Most readers would be surprised to learn that the craft of quilting bed coverings was not brought to America with the Pennsylvania German immigrants. Quilting seems to have been learned here in the Germanic community from an Anglo practice that employed quilted bedding.
The bedding practice that Germanic immigrants brought with them saw the feather tick as the primary bed covering until late in the 18th century when loom woven coverlets began to be placed on top of the feather beds. Bright and colorful, these coverlets usually had the weaver’s and client’s names woven into a corner of the piece. In the mid 19th century, however, pieced patchwork quilts, some including dates, began to appear and replaced the woven coverlets.
Nancy and “Abe” Roan write in their book “Lest I Shall be Forgotten, Anecdotes and Traditions of Quilts:” “The desire to emulate the Anglo culture present outside the large settlement areas of Germanic Pennsylvania led to the adoption of the quilt as a gradual replacement for the coverlet. The quilt provided women an outlet for their creativity as well as an opportunity to use remnants from the construction of clothing. Simultaneously, with the coming of the quilt was the decrease in the use of clothing made from homespun.”
One type of early quilt saw individuals’ names used as part of the design. Whether printed, stamped, or hand lettered, the placement of names on a quilt signifies a unique bond of friendship which remains for the life of the textile. Signature quilts first appeared in the 1840’s and were most popular in the Germanic community during the 1850’s and ‘60’s, but a small number are also found through the rest of that century. These quilts usually have one name per “block” and so each quilt includes about thirty highly localized names of friends, family, and neighbors.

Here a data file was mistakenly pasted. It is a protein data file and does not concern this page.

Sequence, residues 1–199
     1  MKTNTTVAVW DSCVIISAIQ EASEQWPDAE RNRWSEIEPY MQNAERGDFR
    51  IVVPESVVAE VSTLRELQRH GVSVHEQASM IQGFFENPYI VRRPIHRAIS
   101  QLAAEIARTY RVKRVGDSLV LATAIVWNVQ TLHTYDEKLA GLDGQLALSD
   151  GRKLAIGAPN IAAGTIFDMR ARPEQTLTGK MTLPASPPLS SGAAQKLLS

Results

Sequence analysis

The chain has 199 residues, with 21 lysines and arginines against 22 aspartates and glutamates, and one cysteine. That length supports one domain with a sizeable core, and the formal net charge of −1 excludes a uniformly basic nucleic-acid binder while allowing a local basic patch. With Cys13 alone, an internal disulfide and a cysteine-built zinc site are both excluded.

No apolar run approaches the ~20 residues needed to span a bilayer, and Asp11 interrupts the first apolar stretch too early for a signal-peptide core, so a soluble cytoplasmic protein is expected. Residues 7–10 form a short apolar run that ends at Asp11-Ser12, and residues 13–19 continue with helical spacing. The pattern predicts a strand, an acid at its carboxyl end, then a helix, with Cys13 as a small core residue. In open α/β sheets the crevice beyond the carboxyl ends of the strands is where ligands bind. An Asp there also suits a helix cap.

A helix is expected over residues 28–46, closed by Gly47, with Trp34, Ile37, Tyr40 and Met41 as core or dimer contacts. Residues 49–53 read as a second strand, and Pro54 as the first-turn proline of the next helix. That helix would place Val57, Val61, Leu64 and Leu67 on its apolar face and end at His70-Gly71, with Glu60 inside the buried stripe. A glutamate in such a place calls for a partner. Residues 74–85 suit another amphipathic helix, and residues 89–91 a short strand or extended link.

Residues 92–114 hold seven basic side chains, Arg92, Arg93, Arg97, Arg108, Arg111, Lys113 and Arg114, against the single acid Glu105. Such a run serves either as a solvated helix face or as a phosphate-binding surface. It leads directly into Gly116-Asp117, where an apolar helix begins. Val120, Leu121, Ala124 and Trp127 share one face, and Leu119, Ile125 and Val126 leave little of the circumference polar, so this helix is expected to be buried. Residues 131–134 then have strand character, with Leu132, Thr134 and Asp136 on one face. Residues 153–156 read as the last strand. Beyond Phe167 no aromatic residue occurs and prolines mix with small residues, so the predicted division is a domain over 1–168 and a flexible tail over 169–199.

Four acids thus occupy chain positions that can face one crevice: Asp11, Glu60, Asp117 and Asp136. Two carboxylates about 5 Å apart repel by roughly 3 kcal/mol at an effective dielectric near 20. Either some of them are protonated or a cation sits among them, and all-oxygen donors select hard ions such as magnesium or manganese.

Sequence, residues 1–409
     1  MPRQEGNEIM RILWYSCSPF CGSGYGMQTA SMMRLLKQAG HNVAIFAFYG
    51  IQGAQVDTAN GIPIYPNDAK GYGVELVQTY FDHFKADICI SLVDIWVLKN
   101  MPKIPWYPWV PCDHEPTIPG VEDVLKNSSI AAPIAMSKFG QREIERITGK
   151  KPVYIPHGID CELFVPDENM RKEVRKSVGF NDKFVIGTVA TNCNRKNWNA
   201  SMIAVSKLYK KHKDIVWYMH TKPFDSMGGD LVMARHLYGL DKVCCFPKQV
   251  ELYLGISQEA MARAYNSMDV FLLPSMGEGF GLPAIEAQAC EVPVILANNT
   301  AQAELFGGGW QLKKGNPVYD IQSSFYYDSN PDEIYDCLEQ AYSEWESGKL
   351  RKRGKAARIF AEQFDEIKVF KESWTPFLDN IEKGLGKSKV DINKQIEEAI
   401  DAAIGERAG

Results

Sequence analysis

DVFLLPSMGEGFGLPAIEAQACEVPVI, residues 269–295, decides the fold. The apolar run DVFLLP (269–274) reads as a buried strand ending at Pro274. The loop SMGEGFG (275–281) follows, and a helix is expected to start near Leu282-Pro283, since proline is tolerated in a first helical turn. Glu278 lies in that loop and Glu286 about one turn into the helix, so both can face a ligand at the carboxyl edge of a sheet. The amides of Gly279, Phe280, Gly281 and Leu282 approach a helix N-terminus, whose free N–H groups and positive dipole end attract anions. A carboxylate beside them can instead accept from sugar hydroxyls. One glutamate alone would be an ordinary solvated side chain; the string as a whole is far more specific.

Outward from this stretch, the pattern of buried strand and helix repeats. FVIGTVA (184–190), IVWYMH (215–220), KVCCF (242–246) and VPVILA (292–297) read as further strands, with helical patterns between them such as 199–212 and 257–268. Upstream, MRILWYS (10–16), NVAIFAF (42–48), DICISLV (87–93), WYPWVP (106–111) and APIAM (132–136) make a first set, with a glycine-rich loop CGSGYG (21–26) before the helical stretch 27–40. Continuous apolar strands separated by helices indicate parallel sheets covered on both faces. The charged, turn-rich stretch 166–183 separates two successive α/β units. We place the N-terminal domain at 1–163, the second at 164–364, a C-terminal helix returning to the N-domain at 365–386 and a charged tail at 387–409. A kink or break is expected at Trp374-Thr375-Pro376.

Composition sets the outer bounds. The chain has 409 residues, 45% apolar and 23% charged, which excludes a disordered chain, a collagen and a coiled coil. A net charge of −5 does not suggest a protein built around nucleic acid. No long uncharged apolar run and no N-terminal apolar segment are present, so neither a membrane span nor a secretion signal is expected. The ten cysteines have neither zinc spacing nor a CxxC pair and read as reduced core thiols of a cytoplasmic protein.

Some signature quilts have been given the Pennsylvania German dialect name of Beddleman quilts. There existed a folk custom in which a small payment was requested by the maker for placing a name on a quilt. Any quilt so affected was called a Beddleman Deppich (beggar quilt) because the maker begged money for it. Speaking of a quilt dated 1862, an informant said, “Everybody whose name is on it gave a dime.” Since the names, whether written in fraktur or Spencerian style, were usually written by a professional scrivener, it may be that the small payment was to help defray that cost. In any case, because signature quilts are usually dated and include the maker’s name along with the other names associated with the maker, they are highly prized by collectors.
The tradition of signature quilts was employed in a local school to teach history. Back in 1989, local quilt aficionado, Nancy Roan, conceived the idea of having two fourth grade classes at Boyertown School District’s Colebrookdale Elementary School formulate a list of famous people who were involved in entertainment, education, sports, politics, science, literature, and the arts. Each student selected a person and wrote a letter to them requesting a signature for a quilt while their teachers, Linda Manwiller and Cecile Stevenson, wrote a cover letter. The letters included a square of white cloth and a marking pen describing the project and requesting a signature.
The first signed square returned came from Barbara Walters. The second was autographed by Henry Kissinger. Like several other respondents, Kissinger enclosed a letter which reads, “It sounds like a wonderful project, and we hope that it turns out to be a beauty! I am sure it will. Best of luck to you,”
Twenty-nine of the fifty celebrities returned signed quilt patches, among them then Pennsylvania Governor Robert Casey. U. S. Senator John Heinz, Jimmy and Rosalynn Carter, Vice President Quayle, Bill Cosby, Ralph Nader, and Supreme Court Justice, Sandra Day O’Connor.
And Dr. C. Everett Koop, Dr. Norman Vincent Peale, Dr. Seuss, Twice Nobel Laureate, Linus Pauling, Neil Armstrong and many others.
The quilt top was assembled by some of the students’ mothers, and the piece quilted by some students and the ladies of the Bally Mennonite Sewing Circle.
To this very inexpert historian the signatures appear to be authentic, and what also can not be doubted is the value of the learning experience that the project provided for the youngsters.